Some Thoughts on the Raptors, Tanking, and Mediocrity

Julian Finney

Yesterday we took a look at the perils of mediocrity here at the HQ. Today, the newest member of the HQ team, Zach Salzmann, flips the coin and wonders if sneaking into the playoffs, isn't so bad after all...

If we can project one thing about next season with certainty it's that there are going to be some really bad teams in the NBA. As well as the usual suspects of ineptitude-the Bobcats (even with Big Al) and Kings-you can add the Celtics, Magic, Jazz, Suns, Sixers, and Lakers (if they're smart) into the mix of general awfulness.

Of course, every NBA season features its fair share of teams that are going to lose a lot of games, but in 2013/14, mostly because the 2014 draft is projected to be the most stacked since 2003, there appears to be more teams than usual content to gut their core, let expensive free-agents walk, and retool with a high draft pick in the summer.

As Braedon Clark recently pointed out, however, the Raptors, as currently constructed, won't be one of those rebuilding/tanking teams. They won't be a good team either-again, as currently constructed, their ceiling might be 35 or so wins, and potentially not bad enough to end up in the draft lottery. Whatever your opinion is on Rudy Gay and DeMar DeRozan, in that duo the Raptors possess enough scoring in a weak Eastern Conference to fight for the seventh or eighth seed.

For many people, fans and executives alike, the thought of their team being stuck in basketball no-man's land - not good enough to seriously challenge for a title, or even get out of the first round of the playoffs - and not bad enough to improve through the draft, is extremely frustrating. In theory you'd much rather be the Bobcats - acquiring high drafts picks and with tons of cap room-than the consistently mediocre Milwaukee Bucks. (Well, maybe you don't quite want to be the Bobcats, but you get the point).

This viewpoint makes a lot sense. I'm very partial to the idea of avoiding mediocrity, particularly when it comes to teams like the Celtics and Lakers-teams that have had success in the past, are big, secure players in their respective markets, and to whom finishing eighth and getting swept by the first seed is an exercise in futility.

But what about a team like the Raptors, a team that has only made the playoffs 5 times in 19 seasons, the last time being the 2007-08 season? If, for example, the Lakers decide to gut their team and miss the playoffs for a couple seasons, their fans (if the plan is articulated clearly) probably won't mind too much. But for the Raptors, is another two or three seasons of not making the post-season something that everyone's completely cool with? That question isn't rhetorical. I'm genuinely asking.

On a recent CBS Eye on Basketball podcast Zach Harper, a long-suffering Timberwolves fan, said that he'd be happy if his team just scraped into the playoffs next season. He was just plain of sick tanking and following the draft lottery standings every year. Being able to cheer for his team during relevant games in April, and in the playoffs - however fleeting that experience turned out to be - would be satisfactory for Harper.

Granted, from the perspective of the Raptors' long-term strategy, which should be to win a championship (if it isn't, then why bother with this basketball stuff?) just scraping into the playoffs isn't the best thing. But there are other things to consider here. The Raptors don't dominate the sporting landscape of Toronto - everyone knows that - and it's rare that they capture the imagination of a hockey-obsessed populace.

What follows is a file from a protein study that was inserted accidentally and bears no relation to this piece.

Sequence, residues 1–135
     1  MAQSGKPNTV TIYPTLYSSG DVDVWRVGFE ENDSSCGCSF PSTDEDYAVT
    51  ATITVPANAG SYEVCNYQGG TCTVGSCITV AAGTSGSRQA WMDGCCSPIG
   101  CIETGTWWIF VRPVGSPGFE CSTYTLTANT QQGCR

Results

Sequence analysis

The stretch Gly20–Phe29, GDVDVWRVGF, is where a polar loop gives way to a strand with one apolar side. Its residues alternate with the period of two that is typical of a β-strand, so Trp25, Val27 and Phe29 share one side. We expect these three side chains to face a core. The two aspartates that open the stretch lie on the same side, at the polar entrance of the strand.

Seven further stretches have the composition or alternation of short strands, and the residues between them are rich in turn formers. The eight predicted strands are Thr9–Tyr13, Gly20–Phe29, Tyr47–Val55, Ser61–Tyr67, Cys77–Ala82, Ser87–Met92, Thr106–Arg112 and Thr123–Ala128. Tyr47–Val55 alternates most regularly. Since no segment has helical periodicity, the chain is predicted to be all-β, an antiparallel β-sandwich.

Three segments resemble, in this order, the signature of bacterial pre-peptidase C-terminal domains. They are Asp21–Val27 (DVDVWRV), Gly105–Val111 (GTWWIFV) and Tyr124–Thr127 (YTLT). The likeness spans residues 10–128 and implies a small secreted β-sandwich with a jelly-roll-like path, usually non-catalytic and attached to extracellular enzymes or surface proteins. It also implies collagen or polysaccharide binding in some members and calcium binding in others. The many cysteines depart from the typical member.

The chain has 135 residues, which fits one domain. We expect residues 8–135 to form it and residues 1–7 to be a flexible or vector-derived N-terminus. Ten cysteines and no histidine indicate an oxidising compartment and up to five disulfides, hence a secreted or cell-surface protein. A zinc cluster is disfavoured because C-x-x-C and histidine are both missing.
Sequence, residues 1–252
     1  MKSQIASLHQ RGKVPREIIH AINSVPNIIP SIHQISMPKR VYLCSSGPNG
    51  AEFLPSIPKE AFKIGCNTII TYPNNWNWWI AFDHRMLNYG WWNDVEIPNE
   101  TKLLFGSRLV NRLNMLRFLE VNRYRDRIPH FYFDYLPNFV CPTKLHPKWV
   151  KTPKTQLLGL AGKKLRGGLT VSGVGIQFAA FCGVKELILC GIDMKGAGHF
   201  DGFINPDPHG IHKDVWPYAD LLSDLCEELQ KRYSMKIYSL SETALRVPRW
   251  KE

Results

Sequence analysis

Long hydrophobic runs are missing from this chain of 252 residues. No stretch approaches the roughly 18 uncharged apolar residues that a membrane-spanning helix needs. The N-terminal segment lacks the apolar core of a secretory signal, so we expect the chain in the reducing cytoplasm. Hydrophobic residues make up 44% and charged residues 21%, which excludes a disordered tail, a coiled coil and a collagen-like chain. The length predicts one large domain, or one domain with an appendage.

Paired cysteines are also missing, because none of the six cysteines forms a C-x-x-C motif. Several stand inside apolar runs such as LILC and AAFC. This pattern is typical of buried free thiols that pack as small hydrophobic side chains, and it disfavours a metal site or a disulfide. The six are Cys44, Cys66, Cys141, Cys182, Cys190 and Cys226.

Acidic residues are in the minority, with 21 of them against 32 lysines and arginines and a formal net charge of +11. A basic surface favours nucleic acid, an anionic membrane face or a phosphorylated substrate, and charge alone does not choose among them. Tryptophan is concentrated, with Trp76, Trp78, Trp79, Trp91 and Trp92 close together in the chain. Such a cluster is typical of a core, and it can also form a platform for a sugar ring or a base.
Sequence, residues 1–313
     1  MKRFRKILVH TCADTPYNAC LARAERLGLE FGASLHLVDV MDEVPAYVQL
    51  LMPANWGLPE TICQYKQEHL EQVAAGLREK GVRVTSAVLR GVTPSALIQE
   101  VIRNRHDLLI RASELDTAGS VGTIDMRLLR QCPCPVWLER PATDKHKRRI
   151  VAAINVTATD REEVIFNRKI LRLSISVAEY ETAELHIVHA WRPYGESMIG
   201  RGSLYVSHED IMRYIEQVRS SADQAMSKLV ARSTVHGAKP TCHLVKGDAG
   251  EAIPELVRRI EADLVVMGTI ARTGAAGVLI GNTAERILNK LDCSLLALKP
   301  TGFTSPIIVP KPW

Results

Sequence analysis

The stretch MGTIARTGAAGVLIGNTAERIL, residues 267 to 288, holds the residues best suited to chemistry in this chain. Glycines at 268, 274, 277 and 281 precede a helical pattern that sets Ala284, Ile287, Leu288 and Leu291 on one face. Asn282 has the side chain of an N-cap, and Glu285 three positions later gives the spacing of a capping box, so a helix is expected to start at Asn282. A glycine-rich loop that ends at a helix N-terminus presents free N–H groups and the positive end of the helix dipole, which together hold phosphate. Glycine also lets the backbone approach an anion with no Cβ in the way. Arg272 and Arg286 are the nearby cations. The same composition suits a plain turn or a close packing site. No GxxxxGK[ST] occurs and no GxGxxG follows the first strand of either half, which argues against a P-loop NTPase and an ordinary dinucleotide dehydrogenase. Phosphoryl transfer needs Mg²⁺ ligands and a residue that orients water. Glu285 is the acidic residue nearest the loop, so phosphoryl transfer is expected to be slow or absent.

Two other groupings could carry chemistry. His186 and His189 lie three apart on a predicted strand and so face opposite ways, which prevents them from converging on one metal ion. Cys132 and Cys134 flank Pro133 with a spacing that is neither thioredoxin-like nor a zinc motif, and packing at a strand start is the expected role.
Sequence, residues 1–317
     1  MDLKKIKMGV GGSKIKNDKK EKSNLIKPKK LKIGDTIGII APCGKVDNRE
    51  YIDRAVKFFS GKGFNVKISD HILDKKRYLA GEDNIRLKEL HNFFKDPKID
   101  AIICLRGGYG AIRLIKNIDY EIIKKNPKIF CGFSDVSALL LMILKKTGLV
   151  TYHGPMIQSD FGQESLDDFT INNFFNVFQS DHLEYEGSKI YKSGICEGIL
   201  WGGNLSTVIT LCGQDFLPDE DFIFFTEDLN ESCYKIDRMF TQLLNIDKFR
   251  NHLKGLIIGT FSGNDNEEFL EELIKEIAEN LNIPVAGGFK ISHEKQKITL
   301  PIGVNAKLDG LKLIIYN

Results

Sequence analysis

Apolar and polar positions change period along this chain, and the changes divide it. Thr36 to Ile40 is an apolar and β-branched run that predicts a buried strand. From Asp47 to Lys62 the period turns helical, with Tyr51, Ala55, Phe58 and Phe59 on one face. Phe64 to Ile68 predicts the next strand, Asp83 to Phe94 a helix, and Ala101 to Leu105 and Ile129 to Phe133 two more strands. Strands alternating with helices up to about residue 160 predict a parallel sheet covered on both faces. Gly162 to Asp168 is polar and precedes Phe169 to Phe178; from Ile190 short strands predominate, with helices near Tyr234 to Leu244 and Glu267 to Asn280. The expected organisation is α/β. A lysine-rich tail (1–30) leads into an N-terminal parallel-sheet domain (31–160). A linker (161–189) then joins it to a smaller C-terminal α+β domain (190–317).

While it's easy to sell a rebuild/tank to the hardcore, basketball-obsessed fans that will stay loyal no matter what, it's a lot harder to attract the attention of the casual fan during a rebuild: a casual fan that may go to a Raptors game, or buy merchandise when the team is competitive. That exposure and those fans are important too.

Related to this is, of course, the financial bottom line. In sports there will always be clashes between ownership and management given the financial consequences at stake when a team doesn't make the post-season. Even for teams that are swept in the first round, particularly small-market teams, those two home playoff games are immensely valuable. Bucks owner Herb Kohl, to the frustration of many, is adamant that his team should at least try to scrape into the playoffs every year. General Managers may prefer to pass on those potential first-round drubbings, but they aren't the ones cutting the cheques.

Even though their current status as a playoff bubble team isn't ideal, tanking is a dangerous game for the Raptors. As we found out in 2006, having a high draft pick is no guarantee of success, and losing year after year can breed a fan base that moves from angry, to cynical, to the extremely dangerous, franchise-killing emotion of indifference.

Sure, I'd love to see the Raptors try to snare Andrew Wiggins and slowly build a contender-I realize that, technically, it's the sensible way to go about things. But I also know that I'm sick of not seeing playoff basketball at the ACC, and sick of watching meaningless games in March and April. And even knowing what we all know about teams that fight for the 8th seed year after year, when the Raptors are gearing up for that Game 3 in Toronto against an Eastern Conference powerhouse, everything else will fade into the background-at least for a couple of hours.

Scraping into the playoffs may be the sporting equivalent of reckless, instant gratification, but it isn't without its benefits.

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